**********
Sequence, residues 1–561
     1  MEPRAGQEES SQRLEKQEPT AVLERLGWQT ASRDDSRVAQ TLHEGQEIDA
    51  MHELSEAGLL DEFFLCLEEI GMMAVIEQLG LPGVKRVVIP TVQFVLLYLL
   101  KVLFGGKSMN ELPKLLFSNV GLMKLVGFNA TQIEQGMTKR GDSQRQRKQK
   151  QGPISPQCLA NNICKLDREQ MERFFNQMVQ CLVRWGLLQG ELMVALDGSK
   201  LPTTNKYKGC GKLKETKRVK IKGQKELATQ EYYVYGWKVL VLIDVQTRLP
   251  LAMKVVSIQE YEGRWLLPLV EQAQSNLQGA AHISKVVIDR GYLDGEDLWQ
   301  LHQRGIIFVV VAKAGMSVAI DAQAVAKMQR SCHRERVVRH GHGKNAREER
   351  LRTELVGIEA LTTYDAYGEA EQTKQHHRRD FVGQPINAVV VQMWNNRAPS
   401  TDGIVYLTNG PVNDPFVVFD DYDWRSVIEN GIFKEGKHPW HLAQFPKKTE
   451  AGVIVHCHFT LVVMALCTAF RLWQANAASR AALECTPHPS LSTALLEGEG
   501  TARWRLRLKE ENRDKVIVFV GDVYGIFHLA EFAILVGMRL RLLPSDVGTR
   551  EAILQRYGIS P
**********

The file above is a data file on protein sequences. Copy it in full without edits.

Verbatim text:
Sequence, residues 1–561
     1  MEPRAGQEES SQRLEKQEPT AVLERLGWQT ASRDDSRVAQ TLHEGQEIDA
    51  MHELSEAGLL DEFFLCLEEI GMMAVIEQLG LPGVKRVVIP TVQFVLLYLL
   101  KVLFGGKSMN ELPKLLFSNV GLMKLVGFNA TQIEQGMTKR GDSQRQRKQK
   151  QGPISPQCLA NNICKLDREQ MERFFNQMVQ CLVRWGLLQG ELMVALDGSK
   201  LPTTNKYKGC GKLKETKRVK IKGQKELATQ EYYVYGWKVL VLIDVQTRLP
   251  LAMKVVSIQE YEGRWLLPLV EQAQSNLQGA AHISKVVIDR GYLDGEDLWQ
   301  LHQRGIIFVV VAKAGMSVAI DAQAVAKMQR SCHRERVVRH GHGKNAREER
   351  LRTELVGIEA LTTYDAYGEA EQTKQHHRRD FVGQPINAVV VQMWNNRAPS
   401  TDGIVYLTNG PVNDPFVVFD DYDWRSVIEN GIFKEGKHPW HLAQFPKKTE
   451  AGVIVHCHFT LVVMALCTAF RLWQANAASR AALECTPHPS LSTALLEGEG
   501  TARWRLRLKE ENRDKVIVFV GDVYGIFHLA EFAILVGMRL RLLPSDVGTR
   551  EAILQRYGIS P